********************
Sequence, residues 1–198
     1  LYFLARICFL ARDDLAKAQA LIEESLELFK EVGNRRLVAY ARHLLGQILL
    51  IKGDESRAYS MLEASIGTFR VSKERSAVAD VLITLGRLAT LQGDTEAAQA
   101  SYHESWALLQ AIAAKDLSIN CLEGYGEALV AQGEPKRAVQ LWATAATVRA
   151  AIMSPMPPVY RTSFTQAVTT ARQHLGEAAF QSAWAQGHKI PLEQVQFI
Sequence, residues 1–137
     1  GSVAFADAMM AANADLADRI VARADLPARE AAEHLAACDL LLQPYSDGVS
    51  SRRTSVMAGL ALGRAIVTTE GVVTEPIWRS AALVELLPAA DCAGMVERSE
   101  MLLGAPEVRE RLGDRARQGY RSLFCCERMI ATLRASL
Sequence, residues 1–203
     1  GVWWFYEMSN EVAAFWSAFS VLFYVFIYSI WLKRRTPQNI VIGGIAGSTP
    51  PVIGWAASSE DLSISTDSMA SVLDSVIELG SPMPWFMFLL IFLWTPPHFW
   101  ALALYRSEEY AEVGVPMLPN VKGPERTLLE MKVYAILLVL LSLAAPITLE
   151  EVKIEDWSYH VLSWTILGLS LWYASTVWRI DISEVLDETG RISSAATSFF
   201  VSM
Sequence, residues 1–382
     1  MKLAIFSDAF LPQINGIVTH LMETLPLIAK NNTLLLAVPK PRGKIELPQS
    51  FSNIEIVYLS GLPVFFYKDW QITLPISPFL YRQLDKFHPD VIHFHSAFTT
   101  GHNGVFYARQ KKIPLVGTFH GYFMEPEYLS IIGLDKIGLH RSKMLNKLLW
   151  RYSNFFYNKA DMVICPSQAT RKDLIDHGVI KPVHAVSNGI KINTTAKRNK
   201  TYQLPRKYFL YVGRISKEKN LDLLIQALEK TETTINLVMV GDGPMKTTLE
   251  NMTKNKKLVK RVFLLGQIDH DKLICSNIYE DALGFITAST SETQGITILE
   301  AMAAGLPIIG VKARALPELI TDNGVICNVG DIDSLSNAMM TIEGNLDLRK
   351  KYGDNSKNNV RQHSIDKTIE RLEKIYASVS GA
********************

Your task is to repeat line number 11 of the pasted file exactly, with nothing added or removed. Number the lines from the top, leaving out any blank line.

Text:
     1  GVWWFYEMSN EVAAFWSAFS VLFYVFIYSI WLKRRTPQNI VIGGIAGSTP